The Amnesty has made it imperative for employers to meet Saudization targets and targets under Nitaqat in order for the employer to obtain permission to employ expatriate workers and obtain the necessary visa authorisations from the Ministry of Labour and the Passport Office. The general belief is that at least 20% of foreign nationals forming part of the workforce can be replaced with KSA nationals.

The Ministry of Labour and the Passport Office have been working around the clock and also on Thursdays due to the heavy rush of applications for rectification of residence and labour status of expatriate employees following the Amnesty being announced.

It is reported that since the Amnesty was announced, tens of thousands of illegal residents have registered with their consulates in an effort to get airline tickets. An estimated 6,000 Pakistanis, 60,000 Indians, nearly 10,000 Filipinos, 7,000 Sri Lankans and other nationalities have sought permission to leave KSA and be repatriated. In addition, it is reported that 200,000 people have been deported and around 240,000 individuals have regularised their immigration work/status.

A growing issue at present for those being deported or seeking to leave KSA of their own accord is in relation to the biometric tests that individuals need to undergo before leaving the Kingdom. These must be done at the Labour office in the district where the work authorisation was issued even if the worker is not actually based there anymore.

The Amnesty only applies to persons whose violations were committed before 6 April 2013 and any government fees incurred on the violations will not be exempted under the Amnesty. The employment, transportation and harbouring of applicable employees is a violation exposing the employer to imprisonment for up to 2 years and/or fines of up to SAR 100,000. Moreover, the employer is responsible for keeping the Iqama and work permit valid and any breach of this obligation gives the employee the right to terminate the employment contract and transfer his services to a new employer without the approval of the current employer.

Other key features of the Amnesty include the following:

  • During the Amnesty period, no administration fees will be chargeable for changing an employee’s profession or job title on his work permit and residency visa and job titles or profession may be corrected regardless of the employer category  under Nitaqat.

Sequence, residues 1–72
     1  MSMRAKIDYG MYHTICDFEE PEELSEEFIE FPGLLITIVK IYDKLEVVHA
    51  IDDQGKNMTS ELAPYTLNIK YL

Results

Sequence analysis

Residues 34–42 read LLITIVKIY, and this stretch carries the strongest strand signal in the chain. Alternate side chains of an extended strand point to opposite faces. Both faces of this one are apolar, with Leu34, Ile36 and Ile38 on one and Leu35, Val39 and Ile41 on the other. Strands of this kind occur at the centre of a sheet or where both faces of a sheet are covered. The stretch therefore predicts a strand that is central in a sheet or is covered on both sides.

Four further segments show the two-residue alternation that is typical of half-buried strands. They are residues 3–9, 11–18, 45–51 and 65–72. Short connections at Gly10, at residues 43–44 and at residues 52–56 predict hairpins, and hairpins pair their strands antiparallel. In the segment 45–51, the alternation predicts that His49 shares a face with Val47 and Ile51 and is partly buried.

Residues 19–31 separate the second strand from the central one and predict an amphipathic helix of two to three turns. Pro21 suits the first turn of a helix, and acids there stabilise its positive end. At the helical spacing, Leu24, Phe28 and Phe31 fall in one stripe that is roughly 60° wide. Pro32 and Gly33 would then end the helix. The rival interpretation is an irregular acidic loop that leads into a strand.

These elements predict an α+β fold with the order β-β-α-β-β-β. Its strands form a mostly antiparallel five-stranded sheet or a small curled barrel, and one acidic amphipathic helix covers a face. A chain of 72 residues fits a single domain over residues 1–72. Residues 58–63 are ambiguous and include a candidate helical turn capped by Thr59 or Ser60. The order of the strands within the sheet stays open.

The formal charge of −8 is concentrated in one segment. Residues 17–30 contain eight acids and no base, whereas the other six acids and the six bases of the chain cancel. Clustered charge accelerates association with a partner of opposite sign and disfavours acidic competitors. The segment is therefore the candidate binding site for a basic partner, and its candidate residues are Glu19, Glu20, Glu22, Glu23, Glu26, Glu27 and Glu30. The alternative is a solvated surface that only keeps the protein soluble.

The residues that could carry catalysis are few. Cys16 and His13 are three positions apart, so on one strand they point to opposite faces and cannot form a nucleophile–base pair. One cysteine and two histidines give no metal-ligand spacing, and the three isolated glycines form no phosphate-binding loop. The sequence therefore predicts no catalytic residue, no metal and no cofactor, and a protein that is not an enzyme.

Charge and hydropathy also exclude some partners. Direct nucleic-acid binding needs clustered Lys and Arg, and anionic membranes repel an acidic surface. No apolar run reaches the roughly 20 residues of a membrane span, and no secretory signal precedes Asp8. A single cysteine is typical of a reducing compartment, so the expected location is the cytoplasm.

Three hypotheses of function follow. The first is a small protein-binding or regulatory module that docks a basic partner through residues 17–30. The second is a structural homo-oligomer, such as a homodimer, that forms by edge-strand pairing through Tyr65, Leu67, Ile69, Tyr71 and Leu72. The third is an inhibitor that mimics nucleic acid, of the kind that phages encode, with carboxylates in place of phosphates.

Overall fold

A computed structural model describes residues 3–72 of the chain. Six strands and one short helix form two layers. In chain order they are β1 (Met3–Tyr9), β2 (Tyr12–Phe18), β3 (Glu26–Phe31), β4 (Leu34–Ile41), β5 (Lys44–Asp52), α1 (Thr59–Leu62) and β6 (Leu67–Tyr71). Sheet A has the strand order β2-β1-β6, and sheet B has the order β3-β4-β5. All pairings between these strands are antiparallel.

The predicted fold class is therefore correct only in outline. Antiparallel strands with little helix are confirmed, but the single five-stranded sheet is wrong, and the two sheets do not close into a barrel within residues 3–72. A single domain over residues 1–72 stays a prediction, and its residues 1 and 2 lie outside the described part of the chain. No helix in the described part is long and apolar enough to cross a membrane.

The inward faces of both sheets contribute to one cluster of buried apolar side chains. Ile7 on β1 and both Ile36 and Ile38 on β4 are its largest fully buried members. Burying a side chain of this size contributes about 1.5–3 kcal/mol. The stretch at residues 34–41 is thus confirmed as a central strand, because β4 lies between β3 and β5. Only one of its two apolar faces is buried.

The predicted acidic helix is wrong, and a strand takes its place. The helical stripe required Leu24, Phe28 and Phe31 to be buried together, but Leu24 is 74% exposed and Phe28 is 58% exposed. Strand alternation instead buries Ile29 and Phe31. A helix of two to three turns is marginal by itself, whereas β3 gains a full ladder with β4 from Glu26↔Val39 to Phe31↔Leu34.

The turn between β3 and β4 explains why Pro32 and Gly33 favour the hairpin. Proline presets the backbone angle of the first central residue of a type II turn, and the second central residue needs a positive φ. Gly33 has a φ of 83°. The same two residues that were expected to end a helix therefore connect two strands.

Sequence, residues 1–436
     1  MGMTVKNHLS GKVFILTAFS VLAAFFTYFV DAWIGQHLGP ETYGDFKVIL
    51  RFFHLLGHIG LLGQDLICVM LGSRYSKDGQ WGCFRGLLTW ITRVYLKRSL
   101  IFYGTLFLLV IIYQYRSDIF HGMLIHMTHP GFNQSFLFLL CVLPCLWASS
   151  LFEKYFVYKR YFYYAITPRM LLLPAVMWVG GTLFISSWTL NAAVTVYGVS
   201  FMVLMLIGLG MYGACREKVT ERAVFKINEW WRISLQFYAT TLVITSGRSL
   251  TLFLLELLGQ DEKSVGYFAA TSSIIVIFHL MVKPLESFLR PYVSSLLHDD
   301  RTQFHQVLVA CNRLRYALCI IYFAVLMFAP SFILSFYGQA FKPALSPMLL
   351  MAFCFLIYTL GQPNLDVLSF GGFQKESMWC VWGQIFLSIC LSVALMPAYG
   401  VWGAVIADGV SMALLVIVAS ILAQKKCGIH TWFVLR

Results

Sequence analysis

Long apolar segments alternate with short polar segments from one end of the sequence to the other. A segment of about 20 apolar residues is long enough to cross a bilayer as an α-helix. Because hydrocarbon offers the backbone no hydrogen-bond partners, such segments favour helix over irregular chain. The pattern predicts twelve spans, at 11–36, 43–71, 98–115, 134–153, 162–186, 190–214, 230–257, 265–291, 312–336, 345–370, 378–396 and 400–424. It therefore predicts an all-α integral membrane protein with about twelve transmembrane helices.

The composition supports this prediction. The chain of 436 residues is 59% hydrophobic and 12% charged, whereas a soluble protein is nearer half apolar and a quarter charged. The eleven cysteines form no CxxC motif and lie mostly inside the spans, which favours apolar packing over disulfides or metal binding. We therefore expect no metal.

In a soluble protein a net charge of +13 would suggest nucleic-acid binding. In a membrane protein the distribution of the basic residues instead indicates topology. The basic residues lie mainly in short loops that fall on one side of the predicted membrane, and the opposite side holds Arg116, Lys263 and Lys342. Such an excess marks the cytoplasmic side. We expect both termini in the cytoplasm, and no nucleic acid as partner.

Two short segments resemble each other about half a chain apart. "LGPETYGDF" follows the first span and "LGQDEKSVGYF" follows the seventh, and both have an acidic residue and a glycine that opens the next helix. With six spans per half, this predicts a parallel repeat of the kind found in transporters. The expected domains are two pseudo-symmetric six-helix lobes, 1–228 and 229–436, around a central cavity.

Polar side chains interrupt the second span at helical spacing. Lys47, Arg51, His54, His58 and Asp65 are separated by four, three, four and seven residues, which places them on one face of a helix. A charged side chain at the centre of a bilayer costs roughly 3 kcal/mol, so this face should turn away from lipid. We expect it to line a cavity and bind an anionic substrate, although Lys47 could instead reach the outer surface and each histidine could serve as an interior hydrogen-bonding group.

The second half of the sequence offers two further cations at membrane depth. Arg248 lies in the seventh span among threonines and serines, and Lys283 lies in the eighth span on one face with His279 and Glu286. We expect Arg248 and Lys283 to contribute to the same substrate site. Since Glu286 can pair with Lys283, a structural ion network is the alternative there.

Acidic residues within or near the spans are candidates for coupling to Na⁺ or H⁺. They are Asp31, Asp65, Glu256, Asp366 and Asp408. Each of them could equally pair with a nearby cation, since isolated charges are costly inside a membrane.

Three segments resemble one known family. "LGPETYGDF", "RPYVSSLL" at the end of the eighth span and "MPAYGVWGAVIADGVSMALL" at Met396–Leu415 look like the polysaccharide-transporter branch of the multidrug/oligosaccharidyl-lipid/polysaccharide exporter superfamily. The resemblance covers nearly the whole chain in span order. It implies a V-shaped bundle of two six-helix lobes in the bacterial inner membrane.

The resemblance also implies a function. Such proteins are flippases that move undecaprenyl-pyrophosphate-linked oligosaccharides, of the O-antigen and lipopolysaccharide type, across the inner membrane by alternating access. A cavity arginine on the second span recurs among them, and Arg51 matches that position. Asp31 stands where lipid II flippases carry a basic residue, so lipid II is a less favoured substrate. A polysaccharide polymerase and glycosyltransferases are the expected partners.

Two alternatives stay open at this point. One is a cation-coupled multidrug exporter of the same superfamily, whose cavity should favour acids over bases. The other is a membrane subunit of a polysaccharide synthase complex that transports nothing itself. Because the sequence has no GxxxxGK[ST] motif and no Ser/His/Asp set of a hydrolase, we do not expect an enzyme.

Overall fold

• An employer with less than 9 employees will be permitted to sponsor a further 4 expatriate employees provided that the employer employs at least 1 KSA national and that following the employment of the additional 4 expatriate employees, the overall headcount does not exceed 9 employees.
  • The Ministry of Labour caps on the proportion of nationalities permitted within a workforce will not apply during the Amnesty in order to enable employers to correct employees’ immigration status (this provision does not apply to applications to sponsor new recruits who are not already in KSA under another company’s sponsorship).
  • Sponsorship transfers are permitted during the Amnesty without the current sponsoring employer’s consent, for example company A (which sponsors the individual but where he does not work) does not have to consent to the transfer of sponsorship to company B (where the employee has actually been working). However, the employee will have a travel ban period of 3 months following sponsorship transfer in order for the original employer to raise any claims or concerns regarding the employee (for example financial liabilities).
  • Individuals who depart KSA as a result of the Amnesty will be fingerprinted before departure but are not banned from re-entering KSA in the future if they secure employment and proper work and residency authorisation.
  • Individuals who entered KSA on a domestic worker visa status may transfer sponsorship to work for a private sector employer subject to the existing employer’s consent and the new employer not falling below the ‘green’ category under Nitaqat following the transfer of such individuals’ visa and work permits to it.
  • An employer established following the Amnesty is not able to have the sponsorship of individuals transferred to it under the terms of the Amnesty.

Future action

The KSA authorities are encouraging all individuals and employers to benefit from the Amnesty and have made it clear that leniency will be shown to those correcting violations as soon as possible. A series of workshops have been held, and newspaper notifications distributed, across the Kingdom. However, once the Amnesty expires, a further series of inspections is expected and penalties are expected to be imposed on violators.

The Amnesty and greater enforcement action must be viewed against a wider aim to promote the employment of KSA nationals and to rationalise the labour arrangements (particularly recruitment) within KSA and in agreement with labour exporting countries such as the Philippines, India, and Indonesia. A series of bilateral agreements are being signed with a number of countries, including Vietnam, Cambodia, India, Sri Lanka, Nepal and Indonesia. These agreements are designed to cover training, medical insurance cover, and employer and employee rights arising out of the employment relationship.

In addition, a series of amendments to the KSA Labour Law have been proposed and published. These, along with other proposals (such as unemployment benefit for KSA nationals and measures to enhance job location and recruitment for returning graduates to KSA), will be covered in our next update.